Thoughts Regarding His Extinction
Regarding the imposed demise of Timothy McVeigh, and the gnashing of teeth following said demise, a few thoughts: Much noise ensued from Amnesty International, one of those organizations which consist three-quarters of some good idea, and one-quarter of excessive satisfaction with themselves for espousing the good idea. The execution, said Amnesty, was barbaric, cruel and... Read More
The Virtues Of Hardball
From time to time women ask me what to do about the possibility of sexual assault. While the prevalence of rape is greatly exaggerated by radical feminists, it happens. What can a woman do to avoid it? Common sense is a good beginning, of course. Don't walk on dark streets in questionable neighborhoods, for example.... Read More
Ain't It Fun?
It was after ten on Friday night in Arlington and I was riding with Officer Matt O'Brien and absolutely nothing was happening. Nobody was in the streets. The weather was cold. The criminals, who lack strength of character, were hiding indoors. O'Brien told me that nothing would happen until just before his shift ended, so... Read More
Try It Yourself
If you are unfamiliar with guns, and yet want an idea of why shootings by cops happen, let me suggest a few practical exercises that may shed light on the subject. First (and for a variety of reasons I don't suggest trying this should the occasion arise in real life), have a friend stand in... Read More
Makes Sense To Me
Like other states, Virginia has decided to allow felons in jail DNA testing of old evidence which they say will exculpate them. Not everyone seems happy with the idea. I think these folk are nuts. It is one thing to favor heavy penalties for, say, murder, arson, rape, looting, and burning. It is another thing... Read More
They're Dealing With World-Class Liars
When you read about violent crimes, with remarkable regularity they turn out to have been committed by felons on parole. Wanna know how parole boards can be stupid enough to let dangerous people out to kill someone else? Over and over? All across the country? Here's a hint. There is a book called "Games Criminals... Read More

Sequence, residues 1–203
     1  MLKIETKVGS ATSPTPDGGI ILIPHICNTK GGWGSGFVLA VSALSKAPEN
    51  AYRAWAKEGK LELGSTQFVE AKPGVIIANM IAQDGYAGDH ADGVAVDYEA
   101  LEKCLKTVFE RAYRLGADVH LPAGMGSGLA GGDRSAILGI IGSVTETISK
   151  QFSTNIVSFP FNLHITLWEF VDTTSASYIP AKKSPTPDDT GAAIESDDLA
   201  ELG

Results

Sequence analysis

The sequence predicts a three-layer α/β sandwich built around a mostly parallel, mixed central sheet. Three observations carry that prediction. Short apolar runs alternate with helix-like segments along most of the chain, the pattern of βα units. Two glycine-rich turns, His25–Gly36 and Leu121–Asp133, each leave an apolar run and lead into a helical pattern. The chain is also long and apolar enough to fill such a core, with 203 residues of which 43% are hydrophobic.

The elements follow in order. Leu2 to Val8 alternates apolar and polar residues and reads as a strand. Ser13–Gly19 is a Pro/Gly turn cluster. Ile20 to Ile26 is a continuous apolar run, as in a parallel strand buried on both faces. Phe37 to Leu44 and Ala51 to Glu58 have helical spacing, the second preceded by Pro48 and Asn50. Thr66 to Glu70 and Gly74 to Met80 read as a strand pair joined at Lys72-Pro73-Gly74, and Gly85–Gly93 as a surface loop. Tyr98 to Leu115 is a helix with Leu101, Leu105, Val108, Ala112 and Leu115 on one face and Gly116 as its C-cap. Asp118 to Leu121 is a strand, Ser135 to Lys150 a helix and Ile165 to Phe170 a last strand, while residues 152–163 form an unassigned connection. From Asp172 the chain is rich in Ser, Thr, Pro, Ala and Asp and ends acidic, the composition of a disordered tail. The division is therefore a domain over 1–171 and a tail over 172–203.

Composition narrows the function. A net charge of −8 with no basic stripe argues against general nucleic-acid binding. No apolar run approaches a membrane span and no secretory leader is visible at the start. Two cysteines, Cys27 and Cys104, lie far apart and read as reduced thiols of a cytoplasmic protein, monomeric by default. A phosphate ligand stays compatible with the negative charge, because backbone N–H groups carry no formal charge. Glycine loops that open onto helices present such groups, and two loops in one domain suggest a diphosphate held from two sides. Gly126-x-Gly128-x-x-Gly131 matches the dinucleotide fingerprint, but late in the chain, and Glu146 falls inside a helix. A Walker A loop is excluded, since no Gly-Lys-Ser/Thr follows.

Are The Media Actualy Trying To Start Riots?
Since the looting and burning in Cincinnati, the mainstream media have mentioned over and over the fifteen black men killed by police in the city in recent years. The implication, never so far as I know buttressed with data, has been that the police were unjustified, that they kill blacks for reasons of racism. The... Read More
Night, Downtown, And Reality
Saturday night in 1-D, riding with Officer Pete Barlow, who after eleven years on the Metropolitan Police has seen most of what there is to see.One-D has a little of everything -- bad projects, upscale stores, small parks that are home to the homeless, regions of offices that lose their population at night. If I... Read More
More Kids On The Edge
Friday night in Arlington, riding with officer S. M. Carrig, a tall white guy I've worked with before. Nothing much was happening. For a while we did little stuff. A call came, a Latino woman and her new boyfriend being hassled by her old boyfriend, who was apparently banging on doors and being generally disagreeable.... Read More
Maybe We Ought To Grow Up
Sez me, you have to be crazy to become a cop these days. There is a great uproar over the discovery that Washington's cops, not realizing that email sent between police cars on computers was being recorded, have said things that were racially offensive. Politicians are pretending to be appalled and shocked. They talk of... Read More
The Street Life
What is the difference between a coral reef and the streets of Washington? Answer: The animal life is stranger in Washington. We were in Chinatown, I and Officer Mike Halstead, who is part of the Asian liaison unit of the MPD. We were walking. The street guy with the motorcycle helmet, a white fellow with... Read More
Advice To Violent Felons
Every few weeks I read that the cops somewhere have shot a felon, or someone acting like one, often in the course of a pursuit, and have been charged by the press with the use of unnecessary force. Maybe. Sometimes it happens. Always it is made to seem to have happened. The cops may perhaps... Read More
More Blood And Guts In High School
Regarding the latest massacre of high-school students by other high-school students, a few thoughts: The immediate response will be that we must outlaw guns. For the anti-gun lobby the rash of shootings in school constitutes manna from heaven, which they will use vigorously. But for those inclined to toward thought, things are not nearly so... Read More